Growing up in Chicago seems to provide a lot of material for coming-of-age novels. These take place mostly in the 20th century and throughout the various neighborhoods. If you ever doubted that a particular place could have an effect on someone's growth, wonder no more.
South Side Chicago in the Civil Rights period is the setting for April Sinclair's Coffee Will Make You Black. As social change roils the country, Jean "Stevie" Stevenson, a bright, independent-minded adolescent, has to wrestle with her own questions of being good vs. being popular, her sexuality, and what to take and what to leave from older generations. The dialog is spot-on, and even the situations where issues of the day are front and center are believable.One cannot wait to see who Stevie will become.
The Our Lady of the Angels fire traumatized a community and its aftermath is the subject of Where My Body Ends and the World Begins by Tony Romano. Anthony Lazzeri is a survivor of the fire, and works to piece together his life after he learns that a detective still suspects Anthony's involvement in igniting the blaze nearly a decade later. This is an introspective novel about survivor's guilt and grief, both personal and communal.
In Sandra Cisnero's Caramelo, Or, Puro Cuento, Lala learns of her family history, in part from Awful Grandmother, the last of a family of shawl makers. As her family heads from Chicago to Mexico to visit said abuela, Lala ruminates on her family's stories, which span the border and the history of two countries. Awful Grandmother also teaches Lala that if she is going to tell stories, she'd best be careful with her own.
Hunger and Thirst by Daniela Kuper takes place in the 1950's as Jewish teen Joan Trout struggles to keep her family from falling apart. Joan's hoity-toity mother has a taste for high fashion that clashes with the practical, economical frocks in Joan's father's store, as well as his finances. Kuper does a wonderful job of painting a world not all that far removed from the Old Country, where gossip is just one part of the tradition.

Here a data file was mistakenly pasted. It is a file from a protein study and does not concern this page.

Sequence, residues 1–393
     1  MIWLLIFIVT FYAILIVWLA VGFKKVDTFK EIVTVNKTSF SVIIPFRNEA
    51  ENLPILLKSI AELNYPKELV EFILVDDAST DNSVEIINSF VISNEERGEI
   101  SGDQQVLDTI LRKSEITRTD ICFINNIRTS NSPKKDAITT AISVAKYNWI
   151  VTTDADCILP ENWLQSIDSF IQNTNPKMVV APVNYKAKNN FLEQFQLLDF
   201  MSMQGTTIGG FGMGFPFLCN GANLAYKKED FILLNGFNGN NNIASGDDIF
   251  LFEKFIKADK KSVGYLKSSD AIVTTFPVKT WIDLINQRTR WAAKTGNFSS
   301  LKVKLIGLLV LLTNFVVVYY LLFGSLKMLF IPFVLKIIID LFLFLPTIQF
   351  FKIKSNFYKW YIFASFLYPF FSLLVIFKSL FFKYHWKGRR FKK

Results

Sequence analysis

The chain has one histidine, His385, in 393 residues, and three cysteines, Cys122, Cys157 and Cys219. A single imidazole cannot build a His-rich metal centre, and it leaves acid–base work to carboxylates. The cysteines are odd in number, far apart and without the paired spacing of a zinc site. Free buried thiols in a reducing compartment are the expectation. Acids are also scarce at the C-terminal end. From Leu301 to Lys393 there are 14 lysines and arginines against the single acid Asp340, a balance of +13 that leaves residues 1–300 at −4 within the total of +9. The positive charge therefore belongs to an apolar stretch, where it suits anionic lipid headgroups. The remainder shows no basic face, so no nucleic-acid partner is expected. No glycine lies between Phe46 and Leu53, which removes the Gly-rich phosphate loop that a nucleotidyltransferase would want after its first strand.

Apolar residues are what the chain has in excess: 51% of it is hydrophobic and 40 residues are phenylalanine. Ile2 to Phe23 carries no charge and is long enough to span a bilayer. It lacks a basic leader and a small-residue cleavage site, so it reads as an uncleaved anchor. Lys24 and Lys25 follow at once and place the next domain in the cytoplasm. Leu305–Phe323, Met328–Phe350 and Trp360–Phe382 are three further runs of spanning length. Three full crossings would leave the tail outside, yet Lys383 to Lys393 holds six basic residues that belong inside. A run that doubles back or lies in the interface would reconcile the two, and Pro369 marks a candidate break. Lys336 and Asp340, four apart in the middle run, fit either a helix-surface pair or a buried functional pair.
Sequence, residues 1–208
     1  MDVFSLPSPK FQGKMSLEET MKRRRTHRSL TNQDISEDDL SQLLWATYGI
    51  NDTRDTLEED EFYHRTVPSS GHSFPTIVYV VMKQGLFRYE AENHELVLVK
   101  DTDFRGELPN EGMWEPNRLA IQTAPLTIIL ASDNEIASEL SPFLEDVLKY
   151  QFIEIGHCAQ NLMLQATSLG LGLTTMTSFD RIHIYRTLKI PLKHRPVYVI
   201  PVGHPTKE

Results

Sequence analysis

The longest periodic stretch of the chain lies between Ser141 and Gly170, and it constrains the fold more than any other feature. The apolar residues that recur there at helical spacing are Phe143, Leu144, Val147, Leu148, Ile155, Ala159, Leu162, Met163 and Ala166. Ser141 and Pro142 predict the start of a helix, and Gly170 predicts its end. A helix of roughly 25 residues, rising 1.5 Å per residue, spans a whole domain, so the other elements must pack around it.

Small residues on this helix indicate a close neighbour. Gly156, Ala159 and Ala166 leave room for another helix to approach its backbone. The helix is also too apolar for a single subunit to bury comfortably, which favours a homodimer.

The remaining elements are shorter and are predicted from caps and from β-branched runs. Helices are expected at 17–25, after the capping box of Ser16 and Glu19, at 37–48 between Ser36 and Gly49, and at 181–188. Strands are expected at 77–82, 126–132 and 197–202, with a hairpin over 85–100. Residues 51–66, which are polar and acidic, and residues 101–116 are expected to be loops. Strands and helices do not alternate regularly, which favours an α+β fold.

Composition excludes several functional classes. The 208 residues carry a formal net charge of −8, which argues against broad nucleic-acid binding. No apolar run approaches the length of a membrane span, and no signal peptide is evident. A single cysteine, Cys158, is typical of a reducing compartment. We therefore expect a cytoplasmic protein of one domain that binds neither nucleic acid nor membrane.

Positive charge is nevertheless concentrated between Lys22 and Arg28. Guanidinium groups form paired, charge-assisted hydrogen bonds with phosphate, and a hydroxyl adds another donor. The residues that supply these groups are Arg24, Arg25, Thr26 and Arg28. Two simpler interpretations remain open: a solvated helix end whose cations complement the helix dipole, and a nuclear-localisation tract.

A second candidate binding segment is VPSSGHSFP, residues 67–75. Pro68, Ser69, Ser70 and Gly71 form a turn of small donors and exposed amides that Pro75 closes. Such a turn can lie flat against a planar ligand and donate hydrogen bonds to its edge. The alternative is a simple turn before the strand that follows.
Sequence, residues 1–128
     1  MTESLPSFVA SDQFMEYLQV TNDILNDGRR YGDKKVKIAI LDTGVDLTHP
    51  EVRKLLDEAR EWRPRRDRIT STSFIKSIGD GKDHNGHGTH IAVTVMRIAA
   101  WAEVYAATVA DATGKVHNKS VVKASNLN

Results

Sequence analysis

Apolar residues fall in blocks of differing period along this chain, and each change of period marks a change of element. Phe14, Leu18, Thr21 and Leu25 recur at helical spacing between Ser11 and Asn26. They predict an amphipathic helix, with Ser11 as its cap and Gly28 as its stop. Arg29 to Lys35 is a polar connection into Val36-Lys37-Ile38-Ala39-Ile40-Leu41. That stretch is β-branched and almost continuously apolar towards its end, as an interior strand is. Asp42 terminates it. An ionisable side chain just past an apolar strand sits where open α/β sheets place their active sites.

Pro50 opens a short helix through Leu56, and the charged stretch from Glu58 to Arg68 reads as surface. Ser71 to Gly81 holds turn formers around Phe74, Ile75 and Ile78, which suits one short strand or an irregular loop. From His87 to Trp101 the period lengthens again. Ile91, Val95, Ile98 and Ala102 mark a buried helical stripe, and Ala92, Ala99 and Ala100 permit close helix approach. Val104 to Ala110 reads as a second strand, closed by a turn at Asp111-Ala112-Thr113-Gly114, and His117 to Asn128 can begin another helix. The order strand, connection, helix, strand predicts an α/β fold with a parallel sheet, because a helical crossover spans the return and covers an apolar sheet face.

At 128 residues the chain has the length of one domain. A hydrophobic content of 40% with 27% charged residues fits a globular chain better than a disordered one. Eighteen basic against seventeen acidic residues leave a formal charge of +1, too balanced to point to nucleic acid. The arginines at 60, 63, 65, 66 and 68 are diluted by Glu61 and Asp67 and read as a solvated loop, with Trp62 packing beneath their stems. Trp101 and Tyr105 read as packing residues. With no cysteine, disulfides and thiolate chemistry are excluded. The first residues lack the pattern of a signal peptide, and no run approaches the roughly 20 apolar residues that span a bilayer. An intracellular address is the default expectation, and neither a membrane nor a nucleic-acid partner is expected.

Karen has plenty of things she hates, like the cool kids at school, and a few things she loves, like her older brother, but she would tell you, My Favorite Thing Is Monsters. Emil Ferris has created an engrossing graphic novel set in the 1960's where, if she can't be a monster, Karen will settle for being a detective when a Holocaust survivor in her building is murdered. Framed as a visual diary with plenty of B-movie imagery, there is also plenty of wordplay, surprises, and downright luminous artwork.
Empathy is the order of the day in Jane Hamilton's Disobedience. Henry, a high school senior, discovers by accident that his passionate, artistic mother is having an affair, to which his father seems oblivious. Henry narrates the story in an authentically adolescent voice as he deals with his feelings for his parents, gender-nonconforming sister, and first love. There are many kinds of love, Henry discovers, and many ways it can manifest.
What are your favorite books of coming of age in Chicago? Tell us in the comments.